Latvia is at its strongest when its political, economic and administrative elite units in pursuit of some concrete target. Independence from the Soviet Union, then NATO and EU accession, followed by harsh austerity measures and now even Euro Zone accession were achieved far quicker than many observers had believed possible. International conditionality has made up for the absence of ideology and ideas as moral and political compasses in Latvian politics. However, when left to their own devices, Latvian politicians have tended to run amok. After Latvia enters the Euro Zone it will be left without an all-encompassing political plan. Quite frankly, that is rather worrying.



[1] See the Latvia euro changeover site. Available at:  http://www.eiro.lv

[2] Pettai, Auers and Ramonaite (2011), ‘Political Development’ In Marju Lauristin (ed.), Estonian Human Development Report 2010/2011: Baltic Way(s) of Human Development: Twenty Years On. Tallinn: Eesti Koostoo Kogu. 144-163.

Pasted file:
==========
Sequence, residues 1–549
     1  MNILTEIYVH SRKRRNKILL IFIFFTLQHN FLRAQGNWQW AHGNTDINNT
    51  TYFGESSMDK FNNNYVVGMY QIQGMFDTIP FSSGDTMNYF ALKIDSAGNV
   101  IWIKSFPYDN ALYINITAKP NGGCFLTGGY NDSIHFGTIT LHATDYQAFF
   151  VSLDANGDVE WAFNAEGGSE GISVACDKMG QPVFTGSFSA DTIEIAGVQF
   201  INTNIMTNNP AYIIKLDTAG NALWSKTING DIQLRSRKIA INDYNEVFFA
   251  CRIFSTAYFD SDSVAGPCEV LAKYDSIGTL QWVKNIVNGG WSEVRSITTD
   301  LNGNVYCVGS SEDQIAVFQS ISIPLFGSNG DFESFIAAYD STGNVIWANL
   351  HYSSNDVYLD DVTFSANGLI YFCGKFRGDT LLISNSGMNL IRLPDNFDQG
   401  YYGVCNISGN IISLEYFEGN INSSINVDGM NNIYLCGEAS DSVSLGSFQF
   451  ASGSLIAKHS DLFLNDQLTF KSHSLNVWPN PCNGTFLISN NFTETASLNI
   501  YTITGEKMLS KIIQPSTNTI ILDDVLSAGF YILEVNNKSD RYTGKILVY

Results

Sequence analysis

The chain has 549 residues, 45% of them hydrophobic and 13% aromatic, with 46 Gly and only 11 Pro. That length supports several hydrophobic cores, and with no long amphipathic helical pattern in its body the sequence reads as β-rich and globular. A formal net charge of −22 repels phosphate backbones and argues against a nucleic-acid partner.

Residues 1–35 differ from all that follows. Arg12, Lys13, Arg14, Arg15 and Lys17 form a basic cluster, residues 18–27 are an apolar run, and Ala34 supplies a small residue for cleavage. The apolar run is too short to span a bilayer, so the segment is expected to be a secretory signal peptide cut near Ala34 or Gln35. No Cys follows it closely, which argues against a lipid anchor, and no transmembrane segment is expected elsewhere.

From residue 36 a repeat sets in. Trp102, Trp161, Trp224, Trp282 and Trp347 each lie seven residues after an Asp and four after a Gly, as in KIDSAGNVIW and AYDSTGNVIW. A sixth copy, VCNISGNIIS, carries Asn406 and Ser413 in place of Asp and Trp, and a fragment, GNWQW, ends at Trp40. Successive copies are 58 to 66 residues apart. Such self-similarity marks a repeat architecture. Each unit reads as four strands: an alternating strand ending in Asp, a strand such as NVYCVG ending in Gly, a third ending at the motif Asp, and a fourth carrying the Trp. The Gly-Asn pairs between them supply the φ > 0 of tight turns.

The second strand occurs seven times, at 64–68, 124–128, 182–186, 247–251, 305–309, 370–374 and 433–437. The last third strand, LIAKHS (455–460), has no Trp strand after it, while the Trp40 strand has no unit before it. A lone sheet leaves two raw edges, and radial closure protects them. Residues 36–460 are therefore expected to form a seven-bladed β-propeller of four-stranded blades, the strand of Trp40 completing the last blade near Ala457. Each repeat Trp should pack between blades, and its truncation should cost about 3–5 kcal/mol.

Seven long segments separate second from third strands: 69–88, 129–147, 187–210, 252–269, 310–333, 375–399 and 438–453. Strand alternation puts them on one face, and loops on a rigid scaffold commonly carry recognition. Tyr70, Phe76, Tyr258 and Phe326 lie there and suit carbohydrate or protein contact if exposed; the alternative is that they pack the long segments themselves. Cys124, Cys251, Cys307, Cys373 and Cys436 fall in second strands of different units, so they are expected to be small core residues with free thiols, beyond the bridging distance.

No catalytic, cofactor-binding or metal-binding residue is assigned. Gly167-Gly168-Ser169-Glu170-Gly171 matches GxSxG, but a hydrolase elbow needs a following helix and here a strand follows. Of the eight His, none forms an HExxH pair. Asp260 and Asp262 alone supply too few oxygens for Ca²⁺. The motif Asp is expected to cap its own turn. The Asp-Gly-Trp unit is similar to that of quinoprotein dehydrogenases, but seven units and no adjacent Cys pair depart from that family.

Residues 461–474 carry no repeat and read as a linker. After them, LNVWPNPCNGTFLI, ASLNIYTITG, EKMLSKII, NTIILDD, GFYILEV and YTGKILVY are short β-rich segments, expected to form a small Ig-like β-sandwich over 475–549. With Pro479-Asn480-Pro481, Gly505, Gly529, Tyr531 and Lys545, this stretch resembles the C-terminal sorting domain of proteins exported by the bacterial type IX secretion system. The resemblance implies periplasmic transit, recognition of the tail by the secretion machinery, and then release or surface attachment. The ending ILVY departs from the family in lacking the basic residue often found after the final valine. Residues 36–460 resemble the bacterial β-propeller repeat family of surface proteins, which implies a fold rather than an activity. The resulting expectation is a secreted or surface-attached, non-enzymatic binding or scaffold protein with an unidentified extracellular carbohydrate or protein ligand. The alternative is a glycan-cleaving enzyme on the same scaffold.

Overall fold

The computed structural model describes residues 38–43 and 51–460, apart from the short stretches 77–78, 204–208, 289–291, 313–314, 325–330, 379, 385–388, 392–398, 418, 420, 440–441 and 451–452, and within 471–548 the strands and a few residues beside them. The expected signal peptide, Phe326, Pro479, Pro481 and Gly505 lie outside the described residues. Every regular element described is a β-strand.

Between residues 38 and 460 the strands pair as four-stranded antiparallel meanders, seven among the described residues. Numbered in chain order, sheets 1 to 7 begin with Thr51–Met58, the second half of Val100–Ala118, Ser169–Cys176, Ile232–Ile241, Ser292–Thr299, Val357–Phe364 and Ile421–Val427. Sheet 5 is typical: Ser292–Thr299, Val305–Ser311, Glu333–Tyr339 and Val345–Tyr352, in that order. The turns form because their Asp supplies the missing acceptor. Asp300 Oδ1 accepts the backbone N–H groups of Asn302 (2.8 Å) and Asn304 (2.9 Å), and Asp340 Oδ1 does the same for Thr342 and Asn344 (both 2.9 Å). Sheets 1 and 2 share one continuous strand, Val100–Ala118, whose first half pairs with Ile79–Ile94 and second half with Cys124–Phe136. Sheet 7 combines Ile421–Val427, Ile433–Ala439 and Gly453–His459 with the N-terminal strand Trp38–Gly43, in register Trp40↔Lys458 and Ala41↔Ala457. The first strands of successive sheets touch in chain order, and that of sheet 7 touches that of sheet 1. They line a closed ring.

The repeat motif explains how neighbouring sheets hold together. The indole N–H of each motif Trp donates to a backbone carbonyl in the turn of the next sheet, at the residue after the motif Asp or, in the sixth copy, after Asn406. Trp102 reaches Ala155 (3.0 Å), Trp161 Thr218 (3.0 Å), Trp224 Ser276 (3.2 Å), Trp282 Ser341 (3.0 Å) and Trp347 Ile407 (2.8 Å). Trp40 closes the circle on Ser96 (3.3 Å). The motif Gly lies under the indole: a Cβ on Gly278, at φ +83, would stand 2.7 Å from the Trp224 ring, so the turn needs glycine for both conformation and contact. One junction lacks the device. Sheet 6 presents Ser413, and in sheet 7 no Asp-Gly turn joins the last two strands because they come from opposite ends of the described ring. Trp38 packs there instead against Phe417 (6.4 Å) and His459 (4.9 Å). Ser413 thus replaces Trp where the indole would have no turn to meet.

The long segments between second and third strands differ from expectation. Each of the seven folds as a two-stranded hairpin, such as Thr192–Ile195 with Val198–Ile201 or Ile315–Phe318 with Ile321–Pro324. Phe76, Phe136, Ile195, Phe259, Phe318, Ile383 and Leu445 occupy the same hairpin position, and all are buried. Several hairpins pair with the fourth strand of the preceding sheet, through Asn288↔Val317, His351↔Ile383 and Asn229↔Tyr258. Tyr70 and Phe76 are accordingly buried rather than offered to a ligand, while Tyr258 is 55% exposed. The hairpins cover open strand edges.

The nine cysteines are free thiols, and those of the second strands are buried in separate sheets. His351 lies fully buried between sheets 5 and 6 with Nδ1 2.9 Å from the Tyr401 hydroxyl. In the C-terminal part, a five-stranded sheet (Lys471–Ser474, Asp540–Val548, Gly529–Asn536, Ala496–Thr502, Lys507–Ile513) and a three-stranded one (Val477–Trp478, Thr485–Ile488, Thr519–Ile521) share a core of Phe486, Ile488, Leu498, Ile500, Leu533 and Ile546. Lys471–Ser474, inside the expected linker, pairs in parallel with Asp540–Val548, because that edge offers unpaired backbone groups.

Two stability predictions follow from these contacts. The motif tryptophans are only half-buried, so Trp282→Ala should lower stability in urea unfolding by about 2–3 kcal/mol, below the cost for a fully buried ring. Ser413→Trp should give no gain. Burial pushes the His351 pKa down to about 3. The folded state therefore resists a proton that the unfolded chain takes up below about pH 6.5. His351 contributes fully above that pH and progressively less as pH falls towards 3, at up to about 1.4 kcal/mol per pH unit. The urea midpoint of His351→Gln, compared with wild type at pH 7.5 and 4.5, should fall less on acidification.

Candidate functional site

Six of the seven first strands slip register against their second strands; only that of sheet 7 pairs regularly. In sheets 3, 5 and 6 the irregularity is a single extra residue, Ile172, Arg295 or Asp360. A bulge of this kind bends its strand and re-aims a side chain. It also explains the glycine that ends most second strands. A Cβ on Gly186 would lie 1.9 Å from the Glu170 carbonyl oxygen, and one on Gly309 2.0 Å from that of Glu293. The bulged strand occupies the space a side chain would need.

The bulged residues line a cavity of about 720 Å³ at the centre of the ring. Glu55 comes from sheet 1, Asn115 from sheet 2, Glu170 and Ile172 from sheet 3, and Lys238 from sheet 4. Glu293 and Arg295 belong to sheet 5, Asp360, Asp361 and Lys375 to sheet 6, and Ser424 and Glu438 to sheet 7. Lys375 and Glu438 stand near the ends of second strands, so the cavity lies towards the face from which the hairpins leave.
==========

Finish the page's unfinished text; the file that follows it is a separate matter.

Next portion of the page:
[3] Aaron Eglitis (2013), ‘EU joins IMF in criticizing Latvian cuts to tax, social spending’. Bloomberg news.

[4] Anders Aslund, an ardent cheerleader of Latvia’s austerity programme, puts the country’s success down to ‘front loading’ reforms, particularly fiscal adjustment . See Anders Aslund (2013) ‘Why austerity works and stimulus doesn’t’.

[5] IMF Staff Report No. 13/28 (January 2013). Also see Swedbank Analysis (1 August 2012). ‘Fulfilling the Maastricht Criteria – mission possible for Latvia and Lithuania?’

[6] Although another 42% had a positive attitude towards the euro, but did not want to see it hurriedly introduced. See DNB Banka (November 2012), ‘Latvijas Barometrs: Eiro ieviešana Latvijā’.

[7] The legal opinions can be found on the Central Election Commission’s homepage.

[8] See Article 1, paragraph 3 in the law on referendums and initiatives.